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The Sustainably Crafted Video Birdhouse

Updated: Mar 11

We here at The Peep Show are thrilled that our birdhouse won the prestigious International Red Dot Design Award, but there’s more to our birdhouse than meets the eye. Sure, the obvious aspects of the Peep Show’s modern design have been carefully considered, from the grain of the Western Red Cedar panels to the size of the entrance portal to the color and matte finish of the bioplastic shell. Design excellence aside, however, how it’s fabricated matters to us since the process is as important as the product.

Crafting birdhouses, planting trees

The Peep Show is constructed from Polyterra PLA, a bioplastic from the company Polymaker, that creates filaments for FDM, or Filament Deposition, where an object is built up layer by layer into a predetermined shape. Polymaker also collaborates with OneTreePlanted to…well, plant one tree…for every spool of their filament sold. Polymaker has calculated their carbon impact at 4 kg of CO2 per spool and one full-grown tree absorbs 22kg of CO2 per year, so they are more than covering their cost to the environment by having one tree planted per spool. They also ship their filament wound on recycled paper spools, in minimal packaging with recyclable labels. Polyterra is derived from renewable sources like cornstarch, sugarcane, or potatoes, so it can break down into natural components through microbial action.

Bioplastics are durable. When Steve Gray hatched the idea of a modern video birdhouse in 2002, 3D printing was barely “a thing,” let alone popular. But Steve persisted, honing his design and building prototypes to test the Peep Show concept in extreme climates, from the -40 degrees dry cold of central Alaska to the 95-degree humid heat of Florida’s Gulf Coast. The version you see today is the result of several iterations and feedback from design engineers and ornithologists.

But isn’t bioplastic just plastic?

In a word, no. Plastic and bioplastic are both manufacturing materials, but they differ in their composition, production methods, and environmental impact:


Traditional Plastic



Traditional plastics, also known as petrochemical plastics, are made from fossil fuels like oil or natural gas. They are composed of long chains of polymers derived from these non-renewable resources.

Bioplastics are made from renewable resources such as cornstarch, sugarcane, potatoes, or algae. They can also be synthesized from biomass or other organic materials.


Creation of traditional plastics involves refining crude oil or natural gas to extract the necessary polymers. This process releases greenhouse gases and contributes to pollution.

The production of bioplastics generally involves using renewable resources to create the polymers. This can have a lower carbon footprint compared to traditional plastics.

Impact on the Environment

Traditional plastics are not biodegradable and can persist in the environment for hundreds of years. They contribute to pollution, harm wildlife, and create problems like plastic waste accumulation in oceans and ecosystems.

Many bioplastics are designed to be biodegradable or compostable. This means they can break down naturally in the environment, reducing long-lasting pollution and harm to wildlife. Bioplastics also reduce dependency on fossil fuels.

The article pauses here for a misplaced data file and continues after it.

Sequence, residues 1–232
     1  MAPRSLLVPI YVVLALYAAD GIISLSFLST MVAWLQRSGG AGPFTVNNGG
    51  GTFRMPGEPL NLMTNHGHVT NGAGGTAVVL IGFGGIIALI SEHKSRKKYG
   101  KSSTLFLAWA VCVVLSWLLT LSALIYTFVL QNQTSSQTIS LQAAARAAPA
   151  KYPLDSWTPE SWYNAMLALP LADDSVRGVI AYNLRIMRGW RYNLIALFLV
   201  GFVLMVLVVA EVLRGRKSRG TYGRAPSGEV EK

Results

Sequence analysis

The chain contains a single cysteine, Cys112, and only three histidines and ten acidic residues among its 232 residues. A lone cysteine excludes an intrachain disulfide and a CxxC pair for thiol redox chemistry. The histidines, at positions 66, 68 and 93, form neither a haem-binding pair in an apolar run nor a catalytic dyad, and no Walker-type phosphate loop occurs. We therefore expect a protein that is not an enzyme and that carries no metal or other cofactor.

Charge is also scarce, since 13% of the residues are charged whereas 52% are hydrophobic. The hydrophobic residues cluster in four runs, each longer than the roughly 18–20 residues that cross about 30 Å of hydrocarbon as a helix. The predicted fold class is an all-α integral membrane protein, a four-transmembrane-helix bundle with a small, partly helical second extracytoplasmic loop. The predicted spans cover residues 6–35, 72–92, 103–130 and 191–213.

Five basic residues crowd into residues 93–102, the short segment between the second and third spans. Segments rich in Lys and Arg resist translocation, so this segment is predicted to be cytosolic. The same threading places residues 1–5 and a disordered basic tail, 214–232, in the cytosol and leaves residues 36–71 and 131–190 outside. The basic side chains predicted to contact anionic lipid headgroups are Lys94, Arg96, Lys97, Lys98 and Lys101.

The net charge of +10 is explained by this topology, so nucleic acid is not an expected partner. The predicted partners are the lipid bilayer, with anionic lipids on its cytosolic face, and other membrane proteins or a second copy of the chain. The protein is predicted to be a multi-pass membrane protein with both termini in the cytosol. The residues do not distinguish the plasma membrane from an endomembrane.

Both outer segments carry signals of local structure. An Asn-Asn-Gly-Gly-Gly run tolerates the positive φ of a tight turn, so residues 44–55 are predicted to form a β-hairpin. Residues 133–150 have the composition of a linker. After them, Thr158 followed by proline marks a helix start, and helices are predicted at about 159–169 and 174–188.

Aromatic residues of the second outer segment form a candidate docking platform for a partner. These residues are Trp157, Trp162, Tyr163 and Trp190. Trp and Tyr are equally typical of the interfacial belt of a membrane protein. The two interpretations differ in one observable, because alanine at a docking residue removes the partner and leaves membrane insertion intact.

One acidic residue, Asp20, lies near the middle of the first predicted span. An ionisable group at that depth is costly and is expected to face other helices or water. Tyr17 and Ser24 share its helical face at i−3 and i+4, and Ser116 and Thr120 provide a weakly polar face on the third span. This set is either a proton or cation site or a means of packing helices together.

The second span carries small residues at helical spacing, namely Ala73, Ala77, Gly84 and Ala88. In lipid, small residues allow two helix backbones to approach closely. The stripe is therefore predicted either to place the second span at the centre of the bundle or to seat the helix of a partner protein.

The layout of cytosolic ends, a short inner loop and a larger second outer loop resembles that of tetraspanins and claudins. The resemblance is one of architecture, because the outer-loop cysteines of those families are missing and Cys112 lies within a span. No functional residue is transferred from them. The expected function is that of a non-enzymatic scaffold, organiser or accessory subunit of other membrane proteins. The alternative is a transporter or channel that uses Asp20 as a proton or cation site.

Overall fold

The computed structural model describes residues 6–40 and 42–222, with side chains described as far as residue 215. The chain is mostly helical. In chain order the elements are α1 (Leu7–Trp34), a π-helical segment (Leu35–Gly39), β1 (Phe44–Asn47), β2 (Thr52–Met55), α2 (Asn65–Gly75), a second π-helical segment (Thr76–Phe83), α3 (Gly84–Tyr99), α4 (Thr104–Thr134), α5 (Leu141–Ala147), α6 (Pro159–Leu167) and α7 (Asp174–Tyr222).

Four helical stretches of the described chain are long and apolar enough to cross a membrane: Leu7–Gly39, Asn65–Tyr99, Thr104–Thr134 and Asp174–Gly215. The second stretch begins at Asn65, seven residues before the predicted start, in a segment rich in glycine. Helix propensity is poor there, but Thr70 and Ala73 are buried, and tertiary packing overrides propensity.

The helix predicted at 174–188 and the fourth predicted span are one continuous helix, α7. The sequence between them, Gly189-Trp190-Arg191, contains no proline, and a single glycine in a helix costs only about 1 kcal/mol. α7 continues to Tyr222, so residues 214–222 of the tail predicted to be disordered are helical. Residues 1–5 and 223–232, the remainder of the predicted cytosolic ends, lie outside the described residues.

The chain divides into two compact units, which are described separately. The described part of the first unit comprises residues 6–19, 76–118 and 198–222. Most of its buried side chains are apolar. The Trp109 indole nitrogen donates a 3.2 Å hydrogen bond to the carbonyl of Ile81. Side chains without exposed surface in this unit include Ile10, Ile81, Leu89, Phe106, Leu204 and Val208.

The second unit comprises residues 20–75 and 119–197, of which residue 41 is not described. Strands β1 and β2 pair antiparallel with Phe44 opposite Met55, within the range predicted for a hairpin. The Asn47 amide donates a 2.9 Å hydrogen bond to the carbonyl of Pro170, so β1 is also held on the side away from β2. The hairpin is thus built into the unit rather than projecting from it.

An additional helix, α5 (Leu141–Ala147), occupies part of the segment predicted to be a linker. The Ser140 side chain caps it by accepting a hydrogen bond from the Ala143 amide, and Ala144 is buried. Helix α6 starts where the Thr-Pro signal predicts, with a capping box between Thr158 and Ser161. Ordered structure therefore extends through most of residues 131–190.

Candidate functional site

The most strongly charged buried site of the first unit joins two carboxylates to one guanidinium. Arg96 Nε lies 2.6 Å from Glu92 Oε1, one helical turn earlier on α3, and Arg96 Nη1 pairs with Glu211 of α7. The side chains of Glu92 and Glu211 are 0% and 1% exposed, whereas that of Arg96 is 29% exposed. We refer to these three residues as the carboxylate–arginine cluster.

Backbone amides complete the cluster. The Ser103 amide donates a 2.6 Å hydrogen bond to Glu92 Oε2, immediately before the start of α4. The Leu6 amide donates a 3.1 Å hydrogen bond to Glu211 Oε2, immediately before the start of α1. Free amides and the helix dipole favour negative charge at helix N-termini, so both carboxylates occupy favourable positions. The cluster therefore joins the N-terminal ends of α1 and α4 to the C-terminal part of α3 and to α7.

The use of biologically-based polymers isn’t the only feather in the Peep Show’s cap. Its efficient fabrication process makes sense for today’s environmentally aware backyard birder.

Additive Manufacturing for the Birds

While you may not have heard of additive manufacturing, chances are you have heard of 3D printing and even used products like custom jewelry or smartphone cases created this way. Though the technology has been around since the 1980s, it wasn’t till the 2010s that 3D printing gained attention and momentum.


June 29, 2007 Apple sold its first iPhone, a revolutionary product that combined a phone, an iPod and an internet communication device. Smart phones quickly grew in popularity, spawning ancillary industries involving materials, printers and software. "A rising tide lifts all boats”—demand for the ubiquitous smartphone caused sectors other than personal electronics to burgeon, too. Manufacturing, healthcare, aerospace and consumer goods all benefited from the new digital economy. In time, technologies that allow 3D printing have grown increasingly more accessible, affordable, and widely adopted across various industries and applications, from customized spacecraft nozzles to orthodontic retainers created from dental impressions.

How else are products fabricated?

To understand the benefits of additive manufacturing, let’s consider the alternatives. In the past, companies used CNC—Computer Numerical Control—machines or, more often, injection molding. CNC machines are electro-mechanical devices that manipulate shop tools according to computer programming inputs. They basically take a chunk of material and remove the excess till all that’s left is the product of interest. Very thin slices of materials can be produced with this form of subtractive manufacturing. Michelangelo was once asked how he sculpted the statue of David. He answered that he “removed everything that wasn’t David.” That’s what CNC machines do.